My view is that working on decompilers is a good thing. Good for the knowledge and possibly good for our future needs. XML, model and CVX decompilers has not resulted in a loss of income for developers. I don't believe it will result in a loss of money for mesh or photoreal developers. If someone can't make mesh from easily available DEM sources, then they won't be able to make it from decompiled data either.

Dick
 
#51
Wow, lots of great discussion here! I had no idea that commenting on this would bring such a vibrant response. I think many of the most relevant points have already been brought up, but I'll throw my two cents in.

Extracting raster data is useful for:
a) Understanding how the sim works, which as a developer community is what we all want to see
b) Enabling application developers to have a greater degree of control, as mentioned by Naruto. Imagine a terrain aware GPWS with pixel-perfect accuracy, or even a tool that allowed developers to visualize how their work would look in the terrain system in realtime without even having to reload and stage the simulator.
c) Future-proofing ourselves against any future / unsupported versions. Someday the sims as we know them will no longer be supported, the SDK tools will no longer work, and new methods will be pervasive (TRQ2 is just the start ;) ). Being able to still access this data in future content pipelines keeps this entire community alive.
d) My original reason behind initially working on this: lost source data. We all do dumb things, misplacing / losing source data being one of them. You will never be able to replace your source data, but being able to manipulate your processed data sure helps.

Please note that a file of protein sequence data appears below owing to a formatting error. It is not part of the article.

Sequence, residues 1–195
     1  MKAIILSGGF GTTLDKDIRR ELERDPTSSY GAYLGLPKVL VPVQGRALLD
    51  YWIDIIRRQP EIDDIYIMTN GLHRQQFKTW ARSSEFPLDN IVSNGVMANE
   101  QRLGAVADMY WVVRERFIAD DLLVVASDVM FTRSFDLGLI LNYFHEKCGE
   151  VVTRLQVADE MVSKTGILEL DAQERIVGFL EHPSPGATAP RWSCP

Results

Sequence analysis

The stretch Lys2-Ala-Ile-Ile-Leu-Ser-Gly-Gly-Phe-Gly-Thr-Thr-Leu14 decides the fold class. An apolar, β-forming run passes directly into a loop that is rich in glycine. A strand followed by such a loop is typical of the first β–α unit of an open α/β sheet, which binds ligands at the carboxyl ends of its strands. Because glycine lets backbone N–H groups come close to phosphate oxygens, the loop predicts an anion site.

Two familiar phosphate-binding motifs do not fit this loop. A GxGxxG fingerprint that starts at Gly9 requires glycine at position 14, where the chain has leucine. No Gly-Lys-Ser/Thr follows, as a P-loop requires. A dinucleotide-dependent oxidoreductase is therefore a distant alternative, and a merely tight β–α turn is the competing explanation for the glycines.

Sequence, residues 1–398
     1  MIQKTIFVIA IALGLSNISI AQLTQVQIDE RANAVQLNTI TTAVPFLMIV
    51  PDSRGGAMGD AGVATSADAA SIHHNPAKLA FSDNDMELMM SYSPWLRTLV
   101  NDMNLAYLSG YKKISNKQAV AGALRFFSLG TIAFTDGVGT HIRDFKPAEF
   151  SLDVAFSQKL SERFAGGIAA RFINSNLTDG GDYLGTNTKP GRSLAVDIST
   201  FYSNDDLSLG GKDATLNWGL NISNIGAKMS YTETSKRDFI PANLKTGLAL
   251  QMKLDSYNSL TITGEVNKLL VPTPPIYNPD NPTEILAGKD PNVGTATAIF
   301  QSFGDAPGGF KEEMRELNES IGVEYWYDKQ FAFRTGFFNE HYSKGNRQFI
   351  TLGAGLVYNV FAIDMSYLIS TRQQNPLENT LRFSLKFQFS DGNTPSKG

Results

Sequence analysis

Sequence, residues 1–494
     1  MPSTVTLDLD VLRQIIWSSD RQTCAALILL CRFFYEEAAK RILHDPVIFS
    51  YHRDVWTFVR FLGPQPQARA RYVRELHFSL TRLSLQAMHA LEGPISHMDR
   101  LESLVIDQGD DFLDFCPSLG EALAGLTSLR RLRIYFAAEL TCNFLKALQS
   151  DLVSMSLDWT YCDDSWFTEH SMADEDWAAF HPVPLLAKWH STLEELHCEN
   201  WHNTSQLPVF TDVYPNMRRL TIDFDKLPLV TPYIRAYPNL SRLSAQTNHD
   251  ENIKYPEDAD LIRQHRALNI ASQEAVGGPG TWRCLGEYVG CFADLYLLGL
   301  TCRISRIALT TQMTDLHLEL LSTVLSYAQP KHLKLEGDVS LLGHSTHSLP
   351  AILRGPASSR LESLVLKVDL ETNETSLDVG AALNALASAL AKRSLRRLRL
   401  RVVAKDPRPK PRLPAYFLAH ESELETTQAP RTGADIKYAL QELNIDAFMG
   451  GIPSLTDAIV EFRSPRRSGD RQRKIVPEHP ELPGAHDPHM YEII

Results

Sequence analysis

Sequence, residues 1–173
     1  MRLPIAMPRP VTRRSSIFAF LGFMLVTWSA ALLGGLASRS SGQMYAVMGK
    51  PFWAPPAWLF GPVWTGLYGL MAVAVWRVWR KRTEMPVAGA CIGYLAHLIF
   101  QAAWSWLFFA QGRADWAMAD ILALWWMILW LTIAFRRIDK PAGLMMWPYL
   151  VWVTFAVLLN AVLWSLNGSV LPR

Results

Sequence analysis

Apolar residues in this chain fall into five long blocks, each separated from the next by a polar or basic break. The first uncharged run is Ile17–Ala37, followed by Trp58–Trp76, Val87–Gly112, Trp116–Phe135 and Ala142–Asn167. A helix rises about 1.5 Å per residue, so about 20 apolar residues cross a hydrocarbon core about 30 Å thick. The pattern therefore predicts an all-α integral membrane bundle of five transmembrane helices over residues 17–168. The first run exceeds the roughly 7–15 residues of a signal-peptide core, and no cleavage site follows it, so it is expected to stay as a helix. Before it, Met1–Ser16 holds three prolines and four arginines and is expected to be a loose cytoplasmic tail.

At the same time, this degree of control makes it that much easier for people to exploit the system. I still firmly believe that this is already possible; if people want to exploit it they can. The data has already been processed and resampled from the source, it is not the same thing as releasing your raw licensed imagery out into the wild. The sim stores the raw data in memory, uncompressed for anybody to see. If somebody want your data, they already have it, with very little technical skill required. The data is compressed to reduce size on disk, not to prevent people from accessing it.

Anyways, I'm going to start a new thread on the topic of raster data as I don't want to cloud up Patrick's CVX thread with more of this discussion. He's done a fantastic job and I'll leave this thread to discuss it.
 

JB3DG

Resource contributor
#52
I took one of my mini-pain pills, so I hope I won't come across as grumpy?

First, I would have no problem with any work being read "in process" from the sim. Hack the DLL as much as you want, as far as I'm concerned.

But let's say I go to Intergraph and enter into a licensing agreement to use their product for Europe, as an example. For every product I would sell Intergraph gets paid a royalty. Now you want to come along and use the data I licensed, external of the sim, for your commercial work? Are you going to be offering to pay ME a royalty? Are you not able to license the data yourself and pay the appropriate royalties? Or is it easier to "borrow" another's work.

From a programming perspective, you are going to have to read and process data from the BGL format, on the fly. Is that the best method or could you not gather the data and find that if it was formatted in another manner that it might speed things up by 33%?

The world is out there in 30m splendor. The vast majority of the U.S. is in 10m source. You can make it be whatever you want or need. Why must you go external to the sim and piggyback on my work?

And what would I say to Intergraph when they find out my licensed data is being used external to my work and they are not being paid for the use?


And I forgot to mention, heretofore I've never had to include a "decompile" clause in my EULAs for my work. But that was then and in the future it will be present.